There are so many ways for parents to leave inheritances to their children as you can imagine. These are a few of the common approaches that parents seems to like, each of which can be tailored to a given family.
IF YOUR CHILDREN ARE MATURE ADULTS: Outright Distribution
If your children are adults, and you have no concerns for their ability to manage money or about outside influences, you may decide to have distributions from your trust go outright to your children (not in trust).
IF YOUR CHILDREN ARE YOUNG ADULTS, OR IF YOU HAVE CONCERNS REGARDING THEIR ABILITY TO HANDLE MONEY, THE POTENTIAL FOR A DIVORCE, OR EXPOSURE TO CREDITORS, YOU MIGHT CHOOSE ONE OF THE FOLLOWING:
- Children’s Pot Trust – When children are younger, many families like a combined trust for all the children that we call a “pot” trust. This trust allows the person who will control the trust (the trustee) to use the funds in the trust in much the same way that you would have used them for your children if you were still living. You would use discretion to provide for your children based on their individual needs, which may not be equal between them. For example, you might pay for one to attend vocational school and another to attend UC Berkeley, without trying to make the distribution equal. This “pot” trust allows your trustee to provide for your children based on need and not just equality. This can be especially important if you have already paid for the education of one child, but have not begun or completed paying for the others. While everything is coming from one pot, the trustee can make sure the younger children get treated the same as you treated their older sibling. When the youngest child reaches a certain age or graduates from college, what remains in the “pot” can be divided into equal shares.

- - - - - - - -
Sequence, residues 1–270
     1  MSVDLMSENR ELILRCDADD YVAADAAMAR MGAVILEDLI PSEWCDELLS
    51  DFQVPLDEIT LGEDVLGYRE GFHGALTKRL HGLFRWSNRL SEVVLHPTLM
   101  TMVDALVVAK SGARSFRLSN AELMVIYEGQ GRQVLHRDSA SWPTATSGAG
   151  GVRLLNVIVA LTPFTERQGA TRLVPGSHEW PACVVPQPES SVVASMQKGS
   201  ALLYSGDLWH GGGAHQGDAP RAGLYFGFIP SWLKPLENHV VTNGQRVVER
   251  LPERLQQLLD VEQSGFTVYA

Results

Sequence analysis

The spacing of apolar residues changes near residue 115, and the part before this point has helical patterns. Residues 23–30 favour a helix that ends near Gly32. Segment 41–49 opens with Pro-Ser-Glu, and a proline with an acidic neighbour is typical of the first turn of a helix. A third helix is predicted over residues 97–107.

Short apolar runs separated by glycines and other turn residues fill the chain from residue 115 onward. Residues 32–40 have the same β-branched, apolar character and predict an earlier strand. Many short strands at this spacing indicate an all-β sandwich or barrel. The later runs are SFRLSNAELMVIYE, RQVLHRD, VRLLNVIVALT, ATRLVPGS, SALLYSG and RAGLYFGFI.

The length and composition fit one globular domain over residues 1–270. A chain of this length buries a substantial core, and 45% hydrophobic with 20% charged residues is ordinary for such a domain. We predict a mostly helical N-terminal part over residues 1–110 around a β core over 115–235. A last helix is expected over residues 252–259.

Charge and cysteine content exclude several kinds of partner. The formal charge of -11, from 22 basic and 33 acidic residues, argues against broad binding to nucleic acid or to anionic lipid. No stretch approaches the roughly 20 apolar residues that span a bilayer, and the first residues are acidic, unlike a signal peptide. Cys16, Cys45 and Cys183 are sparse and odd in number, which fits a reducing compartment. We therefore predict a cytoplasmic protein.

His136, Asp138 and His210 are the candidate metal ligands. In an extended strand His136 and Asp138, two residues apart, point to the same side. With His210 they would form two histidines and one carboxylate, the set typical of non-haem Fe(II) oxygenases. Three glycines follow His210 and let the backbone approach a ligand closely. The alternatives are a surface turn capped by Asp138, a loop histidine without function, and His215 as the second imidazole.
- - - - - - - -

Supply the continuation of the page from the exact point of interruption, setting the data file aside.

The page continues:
- Withdrawal Trust – When children are over the age of 18, each child’s share can be held in a separate trust for that child’s protection. You can decide how long you want the funds held in the separate trust, who will be named the trustee, and when the child can receive assets from the trust. You can decide how much the child will receive at specified ages over time. For example, you might decide the child can receive 10% when they reach age 25, 50% of the remaining assets when they reach age 30, and all of the remaining trust assets when they reach age 35. The ages and amounts can be specifically tailored to address your concerns or meet the individual needs of your child.
- Asset Protection Trust – You may also decide that you would like to keep what you are leaving to your child in a separate trust that will exist throughout your child’s lifetime. This type of trust is chosen when parents have concerns about protecting a child from outside influences such as creditors, concerns about a child’s ability to manage money throughout the child’s life, or worry about the impact of a child divorcing in the future. An “asset protection trust” allows the assets you leave to your child to remain in trust, either under the control of a trustee you have chosen, or under the control of the child after they reach a specified age, depending on the purpose you have for the trust.